So the parent company of Twinkies is warning about 250 state workers their jobs are in jeopardy unless union concessions are offered. Fourteen of those 250 work in Spokane.
Spokesman.com has a brief summary here.
Our hope here is to offer a bit more focus on what exactly the company, based in Texas, feels is needed. The company is going through Chapter 11 reorganization.
Hostess is asking a U.S. Bankruptcy judge in White Plains, New York, for permission to reject union contracts, warning that it faces liquidation if it can’t modify labor deals.
A previous AP story summarized some of the key company requests:
Hostess wants to withdraw from some multi-employer pension plans. New hires would be covered by the same 401(k)-type retirement accounts used by nonunion and management employees.
The lineup of coming business-related events:
Thursday, May 10: Greater Spokane Inc. sponsors a conversation with Jeff Philipps, CEO of Rosauers and chair-elect of GSI's board of trustees.
It runs 8 - 9:30 a.m. at the GSI offices, 801 W Riverside, Suite 100. Register here.
It starts at 11:30 a.m., at Nectar Tasting Room in downtown Spokane. For more information or for seats, go here.
May 24: Executive Connect Northwest Breakfast hosts Steve Duvoisin and Jon Copeland at the Georgian Ballroom, Spokane Club. It runs from 7:30 to 9 a.m.
Until today we'd never heard of Everest College. It's a nationwide network of for-profit schools operated by a publicly traded education firm, Corinthian Colleges, out of Santa Ana, Calif.
Everest has operations in Seattle and Portland, but nowhere near Spokane or Idaho.
The college sent out a release noting that job scares still have a large impact on Washington workers.
It cited data found in the fourth annual Washington State Workplace Confidence Survey, conducted for Everest by Harris/Decima.
The data suggest people have been hit hard by the Great Recession.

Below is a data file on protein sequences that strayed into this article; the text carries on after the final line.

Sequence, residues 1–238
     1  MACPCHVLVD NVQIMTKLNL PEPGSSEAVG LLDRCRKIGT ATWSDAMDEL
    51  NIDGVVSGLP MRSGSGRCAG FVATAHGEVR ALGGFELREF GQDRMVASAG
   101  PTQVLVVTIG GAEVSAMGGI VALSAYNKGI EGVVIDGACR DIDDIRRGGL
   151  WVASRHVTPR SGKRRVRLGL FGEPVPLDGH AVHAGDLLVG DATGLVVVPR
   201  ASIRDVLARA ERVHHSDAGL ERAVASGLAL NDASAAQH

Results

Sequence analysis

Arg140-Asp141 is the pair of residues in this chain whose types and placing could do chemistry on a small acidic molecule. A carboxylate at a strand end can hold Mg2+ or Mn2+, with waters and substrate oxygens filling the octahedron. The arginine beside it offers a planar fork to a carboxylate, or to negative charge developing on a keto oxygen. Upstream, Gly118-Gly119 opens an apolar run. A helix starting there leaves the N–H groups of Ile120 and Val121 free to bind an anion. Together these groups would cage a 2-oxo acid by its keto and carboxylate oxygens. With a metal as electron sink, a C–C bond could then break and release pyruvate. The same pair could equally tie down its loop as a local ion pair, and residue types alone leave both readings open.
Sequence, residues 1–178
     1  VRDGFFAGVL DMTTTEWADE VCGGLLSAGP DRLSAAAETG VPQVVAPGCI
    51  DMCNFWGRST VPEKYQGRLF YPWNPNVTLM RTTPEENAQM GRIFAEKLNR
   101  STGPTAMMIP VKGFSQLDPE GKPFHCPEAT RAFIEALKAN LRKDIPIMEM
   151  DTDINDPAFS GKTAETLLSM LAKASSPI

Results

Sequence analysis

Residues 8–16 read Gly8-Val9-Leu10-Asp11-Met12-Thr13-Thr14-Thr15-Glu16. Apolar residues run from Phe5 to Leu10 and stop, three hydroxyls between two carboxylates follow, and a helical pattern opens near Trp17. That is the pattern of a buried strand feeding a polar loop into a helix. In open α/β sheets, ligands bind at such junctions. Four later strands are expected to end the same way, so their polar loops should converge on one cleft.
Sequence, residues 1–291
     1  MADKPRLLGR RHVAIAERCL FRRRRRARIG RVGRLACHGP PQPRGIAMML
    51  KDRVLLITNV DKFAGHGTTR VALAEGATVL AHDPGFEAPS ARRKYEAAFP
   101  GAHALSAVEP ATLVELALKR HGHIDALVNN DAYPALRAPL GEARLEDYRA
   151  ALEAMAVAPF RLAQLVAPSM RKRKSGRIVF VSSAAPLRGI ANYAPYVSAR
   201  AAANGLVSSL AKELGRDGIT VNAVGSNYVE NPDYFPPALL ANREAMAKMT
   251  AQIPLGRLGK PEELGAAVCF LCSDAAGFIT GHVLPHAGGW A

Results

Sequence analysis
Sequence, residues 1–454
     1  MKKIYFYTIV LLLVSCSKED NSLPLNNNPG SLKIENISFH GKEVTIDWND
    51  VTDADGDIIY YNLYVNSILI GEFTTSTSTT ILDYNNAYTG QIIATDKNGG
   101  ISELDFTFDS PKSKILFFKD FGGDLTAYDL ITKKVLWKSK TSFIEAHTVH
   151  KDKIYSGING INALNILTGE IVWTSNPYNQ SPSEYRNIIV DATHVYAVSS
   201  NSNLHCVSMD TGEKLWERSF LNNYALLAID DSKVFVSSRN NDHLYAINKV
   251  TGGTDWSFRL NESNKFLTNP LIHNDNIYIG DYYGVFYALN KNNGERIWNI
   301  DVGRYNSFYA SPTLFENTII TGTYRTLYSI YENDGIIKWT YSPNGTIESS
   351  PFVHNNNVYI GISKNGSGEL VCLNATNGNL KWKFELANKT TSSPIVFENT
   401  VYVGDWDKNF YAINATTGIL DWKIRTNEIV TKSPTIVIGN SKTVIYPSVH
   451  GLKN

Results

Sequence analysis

The survey reported 33% of Washington workers were concerned about losing their job, similar to 2011 where 30% of respondents said they were concerned about losing their jobs.
If no barriers existed for changing careers, 40 percent of Washingtonians said they would do it. Those with a high school education or less (compared to those with at least some college training) were more likely to change careers by a wide margin of 58% to 34%.
Spokane’s Red Lion Hotels is revamping its website in hopes of getting more people to book visits there instead of through online travel sites.
Company Executive Vice President Harry Sladich said the makeover will affect the main Redlion.com site plus 44 microsites for the chain’s individual hotels.
The goal is to save money by gaining more online reservations at its own sites instead of through online companies such as Expedia or Hotels.com.
“When (guests) make reservations through online travel agents, we take a substantial discount on the money they’re spending,” Sladich said.
The discount varies depending on how big the booking site is. Big sites like Expedia or Travelocity get close to 35 percent; smaller sites are taking cuts in the 20 percent range, Sladich said.
All bookings made at Red Lion’s site stay with the company.
To read the full story, go to Spokesman.com starting after 9 p.m. on Friday, May 4.
If you haven't had a chance to visit the renovated McKinstry Spokane & Inland Empire Railroad building, you ought to find the time.